Every few months, I am reminded that I am a cancer survivor, when I have to go into the doctor’s office for another dreaded appointment. For all the thriving women out there, you can relate. I am talking about blood tests, MRI’s, uterine monitoring, etc. These are all routine exams that come with the territory. Also, with that comes the prescribed cancer drugs, Tamoxifen for pre-menapausal women and Letrozole for post menopausal women including all their side effects.
Tamoxifen was a very difficult drug for me to take after my first round with breast cancer. I was only 42 years old and my body still wanted estrogen. Tamoxifen is an estrogen blocker and forces menopause. The drug caused many side effects such as achey joints, depression and weight gain and constant monitoring of my uterine lining for uterine cancer. I was miserable, and all those uterine biopsies HURT!!!!!
My second round with cancer was at age 47. I was again put on Tamoxifen for almost two years, and it wasn’t as bad this time around, maybe because my body was using less estrogen at my older age. Then it was official, I was declared officially post-menopausal after one year of no periods at the age of 50. Now was the time to switch to a new drug called Letrozole. There is a long list of side effects from Letrozole such as trouble swallowing, urinary tract infections and the biggest effect being high risk for bone density loss, commonly known as Osteoporosis.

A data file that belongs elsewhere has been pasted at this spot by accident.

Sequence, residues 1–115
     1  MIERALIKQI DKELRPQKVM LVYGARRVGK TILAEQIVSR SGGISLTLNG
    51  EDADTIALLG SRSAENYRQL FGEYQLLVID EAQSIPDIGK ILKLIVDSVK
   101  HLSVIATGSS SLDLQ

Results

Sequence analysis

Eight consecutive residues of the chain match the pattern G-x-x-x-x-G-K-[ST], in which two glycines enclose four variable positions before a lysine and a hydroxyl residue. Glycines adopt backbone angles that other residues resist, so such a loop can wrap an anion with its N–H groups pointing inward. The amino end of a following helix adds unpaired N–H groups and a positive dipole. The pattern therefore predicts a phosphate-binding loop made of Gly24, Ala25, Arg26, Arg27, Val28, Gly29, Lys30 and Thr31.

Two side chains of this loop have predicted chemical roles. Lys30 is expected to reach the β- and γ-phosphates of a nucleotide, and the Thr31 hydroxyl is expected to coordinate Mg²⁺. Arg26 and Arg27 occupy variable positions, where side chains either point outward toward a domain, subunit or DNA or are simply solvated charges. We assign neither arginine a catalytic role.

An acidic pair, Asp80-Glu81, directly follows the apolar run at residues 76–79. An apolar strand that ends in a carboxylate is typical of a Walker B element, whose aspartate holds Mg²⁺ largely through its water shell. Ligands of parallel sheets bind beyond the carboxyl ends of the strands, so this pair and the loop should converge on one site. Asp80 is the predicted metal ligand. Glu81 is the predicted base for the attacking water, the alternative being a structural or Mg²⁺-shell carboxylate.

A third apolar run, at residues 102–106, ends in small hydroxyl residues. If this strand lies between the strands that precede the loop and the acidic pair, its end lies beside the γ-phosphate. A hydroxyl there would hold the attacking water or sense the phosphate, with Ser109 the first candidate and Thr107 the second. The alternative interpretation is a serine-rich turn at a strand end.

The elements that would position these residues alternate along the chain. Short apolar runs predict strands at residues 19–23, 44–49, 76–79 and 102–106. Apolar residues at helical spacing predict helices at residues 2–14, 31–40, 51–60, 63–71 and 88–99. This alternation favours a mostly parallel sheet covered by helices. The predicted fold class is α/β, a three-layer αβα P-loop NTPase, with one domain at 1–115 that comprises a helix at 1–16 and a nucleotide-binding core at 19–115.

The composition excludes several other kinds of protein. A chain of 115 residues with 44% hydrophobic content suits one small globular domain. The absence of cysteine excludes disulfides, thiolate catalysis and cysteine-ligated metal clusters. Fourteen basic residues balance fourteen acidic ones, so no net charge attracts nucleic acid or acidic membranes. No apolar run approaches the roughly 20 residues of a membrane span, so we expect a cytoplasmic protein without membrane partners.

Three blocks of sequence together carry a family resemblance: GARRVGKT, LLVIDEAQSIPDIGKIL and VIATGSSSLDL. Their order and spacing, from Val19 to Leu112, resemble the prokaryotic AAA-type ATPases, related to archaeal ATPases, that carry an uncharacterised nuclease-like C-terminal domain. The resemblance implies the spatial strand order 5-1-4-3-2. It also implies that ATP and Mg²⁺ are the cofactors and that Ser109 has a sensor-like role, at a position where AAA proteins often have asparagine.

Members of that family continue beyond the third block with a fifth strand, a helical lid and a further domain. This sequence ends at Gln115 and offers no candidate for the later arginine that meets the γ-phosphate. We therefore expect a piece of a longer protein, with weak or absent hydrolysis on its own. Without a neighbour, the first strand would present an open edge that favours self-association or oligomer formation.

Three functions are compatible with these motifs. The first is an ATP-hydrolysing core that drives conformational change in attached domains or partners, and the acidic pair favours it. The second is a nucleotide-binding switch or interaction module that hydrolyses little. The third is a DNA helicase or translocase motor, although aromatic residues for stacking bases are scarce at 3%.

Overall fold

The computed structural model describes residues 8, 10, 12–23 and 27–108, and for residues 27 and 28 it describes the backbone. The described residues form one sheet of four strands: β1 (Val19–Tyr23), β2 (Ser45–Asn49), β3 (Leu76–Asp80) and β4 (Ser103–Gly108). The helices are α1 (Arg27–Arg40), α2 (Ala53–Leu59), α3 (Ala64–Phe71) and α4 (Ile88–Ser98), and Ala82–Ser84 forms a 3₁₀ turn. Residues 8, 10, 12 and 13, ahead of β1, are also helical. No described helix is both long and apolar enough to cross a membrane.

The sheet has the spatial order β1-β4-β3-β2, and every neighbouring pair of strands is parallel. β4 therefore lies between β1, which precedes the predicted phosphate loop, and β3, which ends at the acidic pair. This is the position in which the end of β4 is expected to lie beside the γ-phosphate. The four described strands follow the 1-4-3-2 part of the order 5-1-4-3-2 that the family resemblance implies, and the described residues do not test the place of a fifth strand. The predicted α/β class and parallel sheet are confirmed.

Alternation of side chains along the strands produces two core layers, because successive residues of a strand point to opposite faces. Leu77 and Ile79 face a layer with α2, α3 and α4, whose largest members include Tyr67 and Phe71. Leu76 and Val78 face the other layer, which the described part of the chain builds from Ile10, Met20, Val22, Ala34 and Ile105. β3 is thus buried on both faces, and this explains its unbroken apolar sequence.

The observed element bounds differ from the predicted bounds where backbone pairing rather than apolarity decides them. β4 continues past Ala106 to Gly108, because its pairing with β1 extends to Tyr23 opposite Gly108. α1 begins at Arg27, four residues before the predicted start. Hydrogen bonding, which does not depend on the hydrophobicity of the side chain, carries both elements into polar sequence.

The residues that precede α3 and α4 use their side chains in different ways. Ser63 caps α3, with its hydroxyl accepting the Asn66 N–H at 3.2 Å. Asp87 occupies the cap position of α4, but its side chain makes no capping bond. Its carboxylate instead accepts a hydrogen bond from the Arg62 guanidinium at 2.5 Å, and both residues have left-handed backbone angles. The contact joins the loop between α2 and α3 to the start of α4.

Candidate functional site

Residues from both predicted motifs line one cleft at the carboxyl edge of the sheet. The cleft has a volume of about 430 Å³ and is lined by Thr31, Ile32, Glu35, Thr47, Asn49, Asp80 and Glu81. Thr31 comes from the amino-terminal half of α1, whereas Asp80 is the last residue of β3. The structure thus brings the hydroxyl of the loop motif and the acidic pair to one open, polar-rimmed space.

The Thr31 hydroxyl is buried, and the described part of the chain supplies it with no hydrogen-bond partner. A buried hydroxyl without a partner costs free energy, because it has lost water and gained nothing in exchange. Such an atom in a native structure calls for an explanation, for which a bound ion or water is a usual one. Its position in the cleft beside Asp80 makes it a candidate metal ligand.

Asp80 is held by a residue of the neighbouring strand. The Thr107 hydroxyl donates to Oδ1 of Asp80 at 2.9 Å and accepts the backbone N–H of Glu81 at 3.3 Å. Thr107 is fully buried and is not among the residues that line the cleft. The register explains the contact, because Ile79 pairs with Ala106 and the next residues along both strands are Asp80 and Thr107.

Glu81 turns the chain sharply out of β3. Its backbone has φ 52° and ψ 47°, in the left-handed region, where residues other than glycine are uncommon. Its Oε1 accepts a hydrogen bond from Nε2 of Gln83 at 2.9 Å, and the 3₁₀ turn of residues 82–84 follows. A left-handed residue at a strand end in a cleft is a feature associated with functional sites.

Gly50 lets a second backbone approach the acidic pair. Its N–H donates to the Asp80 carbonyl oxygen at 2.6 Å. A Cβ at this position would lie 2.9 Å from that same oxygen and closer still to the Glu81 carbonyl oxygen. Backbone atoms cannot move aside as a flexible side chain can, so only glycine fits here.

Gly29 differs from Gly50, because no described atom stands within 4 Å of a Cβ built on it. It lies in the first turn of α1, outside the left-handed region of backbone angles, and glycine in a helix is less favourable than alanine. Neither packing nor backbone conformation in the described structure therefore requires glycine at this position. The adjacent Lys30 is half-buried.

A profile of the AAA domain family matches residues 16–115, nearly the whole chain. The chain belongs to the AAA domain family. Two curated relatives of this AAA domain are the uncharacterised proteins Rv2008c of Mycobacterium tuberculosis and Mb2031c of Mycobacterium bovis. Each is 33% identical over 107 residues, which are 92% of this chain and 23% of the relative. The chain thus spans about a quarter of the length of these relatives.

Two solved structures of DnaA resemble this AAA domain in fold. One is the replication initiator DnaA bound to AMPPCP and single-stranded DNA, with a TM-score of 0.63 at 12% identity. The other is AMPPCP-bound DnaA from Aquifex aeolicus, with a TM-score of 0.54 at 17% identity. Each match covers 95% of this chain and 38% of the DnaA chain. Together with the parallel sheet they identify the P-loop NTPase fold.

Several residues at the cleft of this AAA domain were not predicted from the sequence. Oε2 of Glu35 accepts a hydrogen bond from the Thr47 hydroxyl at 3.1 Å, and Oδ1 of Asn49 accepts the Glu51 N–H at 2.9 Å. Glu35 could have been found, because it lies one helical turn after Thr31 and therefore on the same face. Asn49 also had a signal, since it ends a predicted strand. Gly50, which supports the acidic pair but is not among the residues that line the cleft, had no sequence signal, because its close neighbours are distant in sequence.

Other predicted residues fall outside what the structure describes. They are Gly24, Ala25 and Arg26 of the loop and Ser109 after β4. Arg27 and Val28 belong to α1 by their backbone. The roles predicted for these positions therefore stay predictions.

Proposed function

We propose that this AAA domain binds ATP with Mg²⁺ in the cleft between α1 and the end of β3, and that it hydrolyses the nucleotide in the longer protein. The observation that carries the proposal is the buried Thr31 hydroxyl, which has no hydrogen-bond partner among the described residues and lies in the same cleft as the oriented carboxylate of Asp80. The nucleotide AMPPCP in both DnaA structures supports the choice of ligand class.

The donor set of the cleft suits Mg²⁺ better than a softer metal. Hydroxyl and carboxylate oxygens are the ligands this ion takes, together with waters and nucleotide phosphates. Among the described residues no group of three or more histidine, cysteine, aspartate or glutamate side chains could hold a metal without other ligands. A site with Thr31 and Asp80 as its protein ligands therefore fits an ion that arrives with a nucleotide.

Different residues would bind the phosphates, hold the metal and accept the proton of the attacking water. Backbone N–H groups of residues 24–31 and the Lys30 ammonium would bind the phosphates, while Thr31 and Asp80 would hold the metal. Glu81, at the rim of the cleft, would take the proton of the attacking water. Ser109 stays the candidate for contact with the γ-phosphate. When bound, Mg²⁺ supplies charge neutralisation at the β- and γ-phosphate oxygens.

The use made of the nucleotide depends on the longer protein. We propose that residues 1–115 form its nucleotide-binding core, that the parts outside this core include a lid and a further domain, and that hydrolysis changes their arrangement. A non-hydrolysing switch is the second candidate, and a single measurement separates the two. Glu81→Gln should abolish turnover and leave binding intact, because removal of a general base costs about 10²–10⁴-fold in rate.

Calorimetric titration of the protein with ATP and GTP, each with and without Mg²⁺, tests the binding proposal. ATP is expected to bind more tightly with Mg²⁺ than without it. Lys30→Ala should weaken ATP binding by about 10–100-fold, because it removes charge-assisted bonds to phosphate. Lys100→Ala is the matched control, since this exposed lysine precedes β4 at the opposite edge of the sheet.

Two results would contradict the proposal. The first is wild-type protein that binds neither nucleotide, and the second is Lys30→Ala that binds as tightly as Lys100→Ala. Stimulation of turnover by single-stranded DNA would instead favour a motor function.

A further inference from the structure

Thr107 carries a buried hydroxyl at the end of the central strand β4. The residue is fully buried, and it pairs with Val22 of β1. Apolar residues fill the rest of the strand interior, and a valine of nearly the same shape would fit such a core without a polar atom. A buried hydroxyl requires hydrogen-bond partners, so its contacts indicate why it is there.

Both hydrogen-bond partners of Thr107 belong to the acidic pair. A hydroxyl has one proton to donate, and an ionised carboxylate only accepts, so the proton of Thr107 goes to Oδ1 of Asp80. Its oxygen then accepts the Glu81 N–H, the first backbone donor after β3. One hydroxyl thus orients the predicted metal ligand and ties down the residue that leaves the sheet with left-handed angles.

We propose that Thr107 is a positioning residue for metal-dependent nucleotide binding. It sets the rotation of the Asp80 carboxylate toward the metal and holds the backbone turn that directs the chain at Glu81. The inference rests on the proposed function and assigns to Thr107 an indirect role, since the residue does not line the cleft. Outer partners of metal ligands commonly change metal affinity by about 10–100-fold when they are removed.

My doctor gave me the orders for a bone scan to create a baseline. I tucked that order into my purse and off I went, dreading to make the call for the appointment. I held off for two months and realized it was almost time to visit my oncologist for the regular 3-month blood test. She would not be happy. So, I made the call and set up the appointment. I think I was mostly worried that it was going to be one of those tests where I had to drink something awful, or have an IV of some fluid running through my veins. Fortunately, I was told this was an easy test. It would take less than 15 minutes and I didn’t even need to undress. I just had to lie on the table for a few minutes and let the machine pass over my hips. Wow..I wish all the tests were this easy!
I guess what I am saying in this message, is that breast cancer is not just a one-time surgery, radiation, chemotherapy and it’s over. It is definitely far from over. It will be never-ending. I, like other thriving women out there face the fear with each doctor visit, that the cancer might come back, or that now we have some other condition caused by the drugs we need to take. This month, I am featuring an article on Osteoporosis. Hopefully, I can do my best to prevent it, by doing regular weight training, eating healthy and taking Calcium and Vitamin D. I hope this article is informative to all.
Stay Strong & Fight!